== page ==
1. 09 Sep, 2014 1 commit
  2. 25 Jul, 2014 1 commit
  3. 14 Mar, 2014 1 commit
  4. 10 Mar, 2014 1 commit
    • Nikolay Aleksandrov's avatar
      selinux: add gfp argument to security_xfrm_policy_alloc and fix callers · 52a4c640
      Nikolay Aleksandrov authored
      security_xfrm_policy_alloc can be called in atomic context so the
      allocation should be done with GFP_ATOMIC. Add an argument to let the
      callers choose the appropriate way. In order to do so a gfp argument
      needs to be added to the method xfrm_policy_alloc_security in struct
      security_operations and to the internal function
      selinux_xfrm_alloc_user. After that switch to GFP_ATOMIC in the atomic
      callers and leave GFP_KERNEL as before for the rest.
      The path that needed the gfp argument addition is:
      security_xfrm_policy_alloc -> security_ops.xfrm_policy_alloc_security ->
      all users of xfrm_policy_alloc_security (e.g. selinux_xfrm_policy_alloc) ->
      selinux_xfrm_alloc_user (here the allocation used to be GFP_KERNEL only)
      Now adding a gfp argument to selinux_xfrm_alloc_user requires us to also
      add it to security_context_to_sid which is used inside and prior to this
      patch did only GFP_KERNEL allocation. So add gfp argument to
      security_context_to_sid and adjust all of its callers as well.
      CC: Paul Moore <paul@paul-moore.com>
      CC: Dave Jones <davej@redhat.com>
      CC: Steffen Klassert <steffen.klassert@secunet.com>
      CC: Fan Du <fan.du@windriver.com>
      CC: David S. Miller <davem@davemloft.net>
      CC: LSM list <linux-security-module@vger.kernel.org>
      CC: SELinux list <selinux@tycho.nsa.gov>
      Signed-off-by: default avatarNikolay Aleksandrov <nikolay@redhat.com>
      Acked-by: default avatarPaul Moore <paul@paul-moore.com>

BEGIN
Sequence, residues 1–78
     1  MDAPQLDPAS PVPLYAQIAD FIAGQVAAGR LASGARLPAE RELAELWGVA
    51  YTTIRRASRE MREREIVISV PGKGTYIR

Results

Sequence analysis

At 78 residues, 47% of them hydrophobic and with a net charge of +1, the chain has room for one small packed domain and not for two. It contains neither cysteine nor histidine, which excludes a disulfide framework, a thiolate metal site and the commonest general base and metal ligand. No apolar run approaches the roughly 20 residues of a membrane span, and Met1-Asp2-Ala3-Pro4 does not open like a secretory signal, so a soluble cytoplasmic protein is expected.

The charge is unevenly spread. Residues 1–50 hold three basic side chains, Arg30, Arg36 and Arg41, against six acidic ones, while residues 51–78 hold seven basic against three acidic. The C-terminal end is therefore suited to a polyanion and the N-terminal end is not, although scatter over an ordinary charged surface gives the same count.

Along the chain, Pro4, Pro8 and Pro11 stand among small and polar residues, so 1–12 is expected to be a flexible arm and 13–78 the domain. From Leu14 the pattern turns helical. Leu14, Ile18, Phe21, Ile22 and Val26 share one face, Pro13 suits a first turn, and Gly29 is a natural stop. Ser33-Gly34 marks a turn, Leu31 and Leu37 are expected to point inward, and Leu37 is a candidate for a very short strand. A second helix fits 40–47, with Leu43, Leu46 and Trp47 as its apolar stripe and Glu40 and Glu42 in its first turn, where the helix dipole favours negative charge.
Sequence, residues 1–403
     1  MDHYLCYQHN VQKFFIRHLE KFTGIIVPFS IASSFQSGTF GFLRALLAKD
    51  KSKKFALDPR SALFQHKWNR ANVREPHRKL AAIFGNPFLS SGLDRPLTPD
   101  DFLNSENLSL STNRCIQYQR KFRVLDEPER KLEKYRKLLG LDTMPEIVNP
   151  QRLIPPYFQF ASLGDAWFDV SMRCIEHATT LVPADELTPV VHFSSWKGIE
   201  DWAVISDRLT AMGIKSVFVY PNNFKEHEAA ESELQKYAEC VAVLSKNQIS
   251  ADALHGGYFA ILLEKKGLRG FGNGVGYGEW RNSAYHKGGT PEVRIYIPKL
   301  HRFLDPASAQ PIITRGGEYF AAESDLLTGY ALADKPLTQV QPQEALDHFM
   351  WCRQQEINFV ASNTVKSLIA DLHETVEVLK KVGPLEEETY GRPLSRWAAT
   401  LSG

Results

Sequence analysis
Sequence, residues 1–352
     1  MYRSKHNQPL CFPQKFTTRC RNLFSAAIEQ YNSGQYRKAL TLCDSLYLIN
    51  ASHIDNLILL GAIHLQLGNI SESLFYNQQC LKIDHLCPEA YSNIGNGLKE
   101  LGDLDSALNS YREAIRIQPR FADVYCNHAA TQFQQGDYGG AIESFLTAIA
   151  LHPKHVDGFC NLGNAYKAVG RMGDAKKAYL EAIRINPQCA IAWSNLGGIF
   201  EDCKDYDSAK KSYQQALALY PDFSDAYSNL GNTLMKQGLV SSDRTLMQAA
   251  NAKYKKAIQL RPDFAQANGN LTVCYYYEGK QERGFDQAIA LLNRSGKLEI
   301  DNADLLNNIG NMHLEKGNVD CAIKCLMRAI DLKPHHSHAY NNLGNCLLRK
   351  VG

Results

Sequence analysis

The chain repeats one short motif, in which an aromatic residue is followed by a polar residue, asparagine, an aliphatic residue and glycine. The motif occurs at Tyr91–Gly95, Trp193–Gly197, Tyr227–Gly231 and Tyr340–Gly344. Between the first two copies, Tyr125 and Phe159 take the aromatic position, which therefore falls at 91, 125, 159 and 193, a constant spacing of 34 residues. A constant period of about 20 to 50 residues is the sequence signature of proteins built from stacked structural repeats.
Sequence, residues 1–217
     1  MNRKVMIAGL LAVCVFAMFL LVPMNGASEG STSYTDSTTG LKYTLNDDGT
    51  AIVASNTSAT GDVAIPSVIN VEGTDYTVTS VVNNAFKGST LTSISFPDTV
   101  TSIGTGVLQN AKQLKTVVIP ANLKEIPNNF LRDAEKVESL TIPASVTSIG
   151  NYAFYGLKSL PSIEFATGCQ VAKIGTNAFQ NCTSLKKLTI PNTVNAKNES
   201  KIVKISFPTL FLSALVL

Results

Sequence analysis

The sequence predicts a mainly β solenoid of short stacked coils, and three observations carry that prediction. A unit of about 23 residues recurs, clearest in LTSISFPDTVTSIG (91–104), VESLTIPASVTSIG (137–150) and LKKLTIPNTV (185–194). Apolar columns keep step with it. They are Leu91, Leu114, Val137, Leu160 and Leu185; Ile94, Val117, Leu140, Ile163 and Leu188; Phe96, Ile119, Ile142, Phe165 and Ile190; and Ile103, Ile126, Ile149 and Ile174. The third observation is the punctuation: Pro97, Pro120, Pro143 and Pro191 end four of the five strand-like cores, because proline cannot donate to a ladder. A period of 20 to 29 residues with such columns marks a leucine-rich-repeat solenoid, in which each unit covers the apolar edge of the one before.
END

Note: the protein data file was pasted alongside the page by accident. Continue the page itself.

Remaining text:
Signed-off-by: default avatarSteffen Klassert <steffen.klassert@secunet.com>
  5. 07 Mar, 2014 1 commit
  6. 25 Jul, 2013 2 commits
  7. 08 Jun, 2013 3 commits
  8. 13 May, 2013 1 commit
    • J. Bruce Fields's avatar
      security: cap_inode_getsecctx returning garbage · 0d422afb
      J. Bruce Fields authored
      We shouldn't be returning success from this function without also
      filling in the return values ctx and ctxlen.
      Note currently this doesn't appear to cause bugs since the only
      inode_getsecctx caller I can find is fs/sysfs/inode.c, which only calls
      this if security_inode_setsecurity succeeds.  Assuming
      security_inode_setsecurity is set to cap_inode_setsecurity whenever
      inode_getsecctx is set to cap_inode_getsecctx, this function can never
      actually called.
      So I noticed this only because the server labeled NFS patches add a real
      Acked-by: default avatarSerge E. Hallyn <serge.hallyn@ubuntu.com>
      Signed-off-by: default avatarJ. Bruce Fields <bfields@redhat.com>
  9. 09 Apr, 2013 1 commit
  10. 02 Apr, 2013 1 commit
    • Jeff Layton's avatar
      selinux: make security_sb_clone_mnt_opts return an error on context mismatch · 094f7b69
      Jeff Layton authored
      I had the following problem reported a while back. If you mount the
      same filesystem twice using NFSv4 with different contexts, then the
      second context= option is ignored. For instance:
          # mount server:/export /mnt/test1
          # mount server:/export /mnt/test2 -o context=system_u:object_r:tmp_t:s0
          # ls -dZ /mnt/test1
          drwxrwxrwt. root root system_u:object_r:nfs_t:s0       /mnt/test1
          # ls -dZ /mnt/test2
          drwxrwxrwt. root root system_u:object_r:nfs_t:s0       /mnt/test2
      When we call into SELinux to set the context of a "cloned" superblock,
      it will currently just bail out when it notices that we're reusing an
      existing superblock. Since the existing superblock is already set up and
      presumably in use, we can't go overwriting its context with the one from
      the "original" sb. Because of this, the second context= option in this
      case cannot take effect.
      This patch fixes this by turning security_sb_clone_mnt_opts into an int
      return operation. When it finds that the "new" superblock that it has
      been handed is already set up, it checks to see whether the contexts on